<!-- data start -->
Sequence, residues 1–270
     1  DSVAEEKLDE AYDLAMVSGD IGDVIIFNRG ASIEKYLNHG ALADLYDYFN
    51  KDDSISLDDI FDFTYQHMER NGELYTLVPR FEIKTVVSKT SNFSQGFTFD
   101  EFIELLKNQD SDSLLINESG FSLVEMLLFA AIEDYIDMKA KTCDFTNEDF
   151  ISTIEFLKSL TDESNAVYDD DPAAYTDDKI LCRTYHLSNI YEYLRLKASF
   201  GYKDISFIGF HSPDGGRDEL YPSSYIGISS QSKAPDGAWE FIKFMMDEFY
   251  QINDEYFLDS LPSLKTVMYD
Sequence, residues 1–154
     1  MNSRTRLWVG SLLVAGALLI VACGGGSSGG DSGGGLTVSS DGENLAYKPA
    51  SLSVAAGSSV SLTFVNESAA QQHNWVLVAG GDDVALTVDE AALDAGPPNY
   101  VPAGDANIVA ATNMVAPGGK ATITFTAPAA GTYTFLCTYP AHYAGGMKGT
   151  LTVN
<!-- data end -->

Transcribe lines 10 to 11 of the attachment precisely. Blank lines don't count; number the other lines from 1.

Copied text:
    51  SLSVAAGSSV SLTFVNESAA QQHNWVLVAG GDDVALTVDE AALDAGPPNY
   101  VPAGDANIVA ATNMVAPGGK ATITFTAPAA GTYTFLCTYP AHYAGGMKGT